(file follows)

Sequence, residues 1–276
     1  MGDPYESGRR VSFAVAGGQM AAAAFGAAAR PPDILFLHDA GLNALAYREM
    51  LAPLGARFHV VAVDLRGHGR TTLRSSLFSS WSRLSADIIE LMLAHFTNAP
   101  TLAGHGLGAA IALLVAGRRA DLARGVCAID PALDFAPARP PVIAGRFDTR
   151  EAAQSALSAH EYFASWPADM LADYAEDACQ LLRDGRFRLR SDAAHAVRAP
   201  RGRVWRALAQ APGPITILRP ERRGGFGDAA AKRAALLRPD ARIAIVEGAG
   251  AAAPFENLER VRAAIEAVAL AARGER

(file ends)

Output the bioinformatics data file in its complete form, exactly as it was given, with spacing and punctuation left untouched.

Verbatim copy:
Sequence, residues 1–276
     1  MGDPYESGRR VSFAVAGGQM AAAAFGAAAR PPDILFLHDA GLNALAYREM
    51  LAPLGARFHV VAVDLRGHGR TTLRSSLFSS WSRLSADIIE LMLAHFTNAP
   101  TLAGHGLGAA IALLVAGRRA DLARGVCAID PALDFAPARP PVIAGRFDTR
   151  EAAQSALSAH EYFASWPADM LADYAEDACQ LLRDGRFRLR SDAAHAVRAP
   201  RGRVWRALAQ APGPITILRP ERRGGFGDAA AKRAALLRPD ARIAIVEGAG
   251  AAAPFENLER VRAAIEAVAL AARGER